By People Staff
September 25, 1995 12:00 PM

Kathleen Battle

Even a world-class operatic soprano like Kathleen Battle needs an occasional challenge. In this case, she has tried for a vocal stretch by hooking up with jazz players, including saxophonist Grover Washington Jr. and pianist Cyrus Chestnut, on an album of mostly nonclassical tunes. Together, Battle and her band bring an appropriate sense of childlike wonder to the lullaby “The Little Horses,” while the normally formal singer sounds surprisingly spirited on “Cancion De Cuna (Spanish Cradle Song)” and seductive on “Hush (Somebody’s Calling My Name)” and “Ninghe, Ninghe.”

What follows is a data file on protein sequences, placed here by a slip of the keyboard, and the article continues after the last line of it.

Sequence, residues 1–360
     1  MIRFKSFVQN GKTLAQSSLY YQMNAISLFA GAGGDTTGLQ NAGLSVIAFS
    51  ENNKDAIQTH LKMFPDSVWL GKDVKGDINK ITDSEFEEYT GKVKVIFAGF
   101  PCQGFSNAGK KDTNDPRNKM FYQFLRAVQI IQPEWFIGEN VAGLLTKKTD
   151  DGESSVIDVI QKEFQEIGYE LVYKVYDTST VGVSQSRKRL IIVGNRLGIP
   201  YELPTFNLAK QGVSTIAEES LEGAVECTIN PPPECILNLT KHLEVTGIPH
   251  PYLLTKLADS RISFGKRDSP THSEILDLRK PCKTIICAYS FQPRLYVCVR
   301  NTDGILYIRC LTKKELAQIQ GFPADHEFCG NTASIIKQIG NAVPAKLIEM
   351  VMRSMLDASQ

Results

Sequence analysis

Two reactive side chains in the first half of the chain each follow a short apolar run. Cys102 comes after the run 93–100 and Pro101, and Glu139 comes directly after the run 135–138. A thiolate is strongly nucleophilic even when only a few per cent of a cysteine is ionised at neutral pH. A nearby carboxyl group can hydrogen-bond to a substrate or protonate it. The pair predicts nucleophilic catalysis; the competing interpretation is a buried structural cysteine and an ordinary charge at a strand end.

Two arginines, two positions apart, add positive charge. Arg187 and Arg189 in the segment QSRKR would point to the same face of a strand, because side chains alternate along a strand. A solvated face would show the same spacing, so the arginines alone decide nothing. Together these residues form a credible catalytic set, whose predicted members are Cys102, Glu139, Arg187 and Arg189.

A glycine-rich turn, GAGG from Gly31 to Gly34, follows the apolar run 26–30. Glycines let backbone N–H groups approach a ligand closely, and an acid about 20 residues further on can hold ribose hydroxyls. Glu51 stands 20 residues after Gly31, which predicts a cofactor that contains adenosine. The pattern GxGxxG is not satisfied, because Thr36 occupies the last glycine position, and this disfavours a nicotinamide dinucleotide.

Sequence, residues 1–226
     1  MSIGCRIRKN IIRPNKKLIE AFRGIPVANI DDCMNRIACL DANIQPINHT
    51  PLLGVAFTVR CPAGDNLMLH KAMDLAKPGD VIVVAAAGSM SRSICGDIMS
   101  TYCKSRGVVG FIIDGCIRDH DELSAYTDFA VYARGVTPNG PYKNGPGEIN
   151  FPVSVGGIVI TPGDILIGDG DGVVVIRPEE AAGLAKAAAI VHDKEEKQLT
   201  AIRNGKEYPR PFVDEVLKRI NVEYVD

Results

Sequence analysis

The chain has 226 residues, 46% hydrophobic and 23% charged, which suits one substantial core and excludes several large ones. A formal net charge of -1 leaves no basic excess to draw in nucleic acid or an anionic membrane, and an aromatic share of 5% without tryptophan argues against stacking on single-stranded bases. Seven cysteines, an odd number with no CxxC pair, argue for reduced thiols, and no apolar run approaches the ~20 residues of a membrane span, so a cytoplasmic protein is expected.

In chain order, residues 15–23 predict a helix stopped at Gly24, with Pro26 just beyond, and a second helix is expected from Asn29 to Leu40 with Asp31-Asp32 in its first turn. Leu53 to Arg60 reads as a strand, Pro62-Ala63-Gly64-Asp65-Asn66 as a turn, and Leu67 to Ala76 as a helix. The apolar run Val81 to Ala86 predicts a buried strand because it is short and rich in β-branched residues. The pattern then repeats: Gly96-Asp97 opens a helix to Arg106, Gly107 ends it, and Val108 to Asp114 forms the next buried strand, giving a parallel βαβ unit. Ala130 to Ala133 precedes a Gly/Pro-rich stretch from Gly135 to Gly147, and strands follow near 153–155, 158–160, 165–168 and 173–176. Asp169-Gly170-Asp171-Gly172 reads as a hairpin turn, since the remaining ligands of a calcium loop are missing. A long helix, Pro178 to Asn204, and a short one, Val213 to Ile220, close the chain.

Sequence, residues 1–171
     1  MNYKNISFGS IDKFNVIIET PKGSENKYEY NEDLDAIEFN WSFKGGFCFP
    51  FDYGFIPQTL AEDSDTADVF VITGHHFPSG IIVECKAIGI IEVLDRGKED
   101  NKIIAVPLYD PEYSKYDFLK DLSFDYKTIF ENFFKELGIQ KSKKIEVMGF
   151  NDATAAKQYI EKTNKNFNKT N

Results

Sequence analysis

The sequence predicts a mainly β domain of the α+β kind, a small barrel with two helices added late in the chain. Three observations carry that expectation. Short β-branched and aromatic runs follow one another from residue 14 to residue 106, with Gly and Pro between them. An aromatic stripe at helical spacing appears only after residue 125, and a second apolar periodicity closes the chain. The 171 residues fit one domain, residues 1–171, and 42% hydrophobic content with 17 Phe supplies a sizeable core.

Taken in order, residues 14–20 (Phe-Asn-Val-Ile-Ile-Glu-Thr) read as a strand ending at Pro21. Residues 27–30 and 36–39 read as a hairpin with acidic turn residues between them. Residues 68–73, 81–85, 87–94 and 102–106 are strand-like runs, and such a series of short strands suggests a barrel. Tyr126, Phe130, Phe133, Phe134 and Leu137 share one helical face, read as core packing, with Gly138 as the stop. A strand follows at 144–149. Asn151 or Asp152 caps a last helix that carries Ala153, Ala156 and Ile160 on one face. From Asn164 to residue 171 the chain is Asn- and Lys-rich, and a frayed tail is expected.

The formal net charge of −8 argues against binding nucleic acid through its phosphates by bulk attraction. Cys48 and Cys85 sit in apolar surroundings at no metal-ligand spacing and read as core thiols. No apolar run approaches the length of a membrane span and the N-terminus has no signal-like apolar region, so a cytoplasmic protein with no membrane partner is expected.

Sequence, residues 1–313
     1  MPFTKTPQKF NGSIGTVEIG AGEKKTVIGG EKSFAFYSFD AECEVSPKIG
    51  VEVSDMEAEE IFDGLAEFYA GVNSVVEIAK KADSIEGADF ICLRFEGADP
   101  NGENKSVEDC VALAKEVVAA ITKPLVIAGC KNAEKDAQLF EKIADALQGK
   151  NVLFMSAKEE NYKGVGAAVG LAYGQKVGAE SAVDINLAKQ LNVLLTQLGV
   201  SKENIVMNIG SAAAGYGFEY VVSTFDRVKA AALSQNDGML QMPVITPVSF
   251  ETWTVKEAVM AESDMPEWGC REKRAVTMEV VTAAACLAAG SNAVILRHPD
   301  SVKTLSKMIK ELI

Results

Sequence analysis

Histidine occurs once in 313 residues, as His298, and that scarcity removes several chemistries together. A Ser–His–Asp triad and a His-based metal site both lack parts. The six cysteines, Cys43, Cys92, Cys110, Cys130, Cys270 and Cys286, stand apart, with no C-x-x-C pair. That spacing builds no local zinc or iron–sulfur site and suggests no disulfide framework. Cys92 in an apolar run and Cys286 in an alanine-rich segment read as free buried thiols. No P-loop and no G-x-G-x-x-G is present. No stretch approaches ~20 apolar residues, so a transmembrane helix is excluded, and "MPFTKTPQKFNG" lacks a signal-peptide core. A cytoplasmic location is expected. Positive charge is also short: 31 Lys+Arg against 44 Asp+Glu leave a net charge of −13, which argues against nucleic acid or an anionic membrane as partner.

Elsewhere, though, Battle, with her tendency toward ethereal lawlessness, misses the point. Her grand opera style—the way she strings words together without pausing between them, and her technique of singing as if she’s floating on air—produces a theatrical dramatic effect that may be well suited to Puccini arias but seems somewhat disconcerting in the free-form worlds of jazz, gospel and Latin pop, where earthiness, elasticity and spontaneity are essential. When Battle hooks up with, say, the bluesy, broken-down spiritual “Steal Away,” she just sounds like a dilettantish show-off who’s singing into a mirror backstage at the Met. (Sony Classical)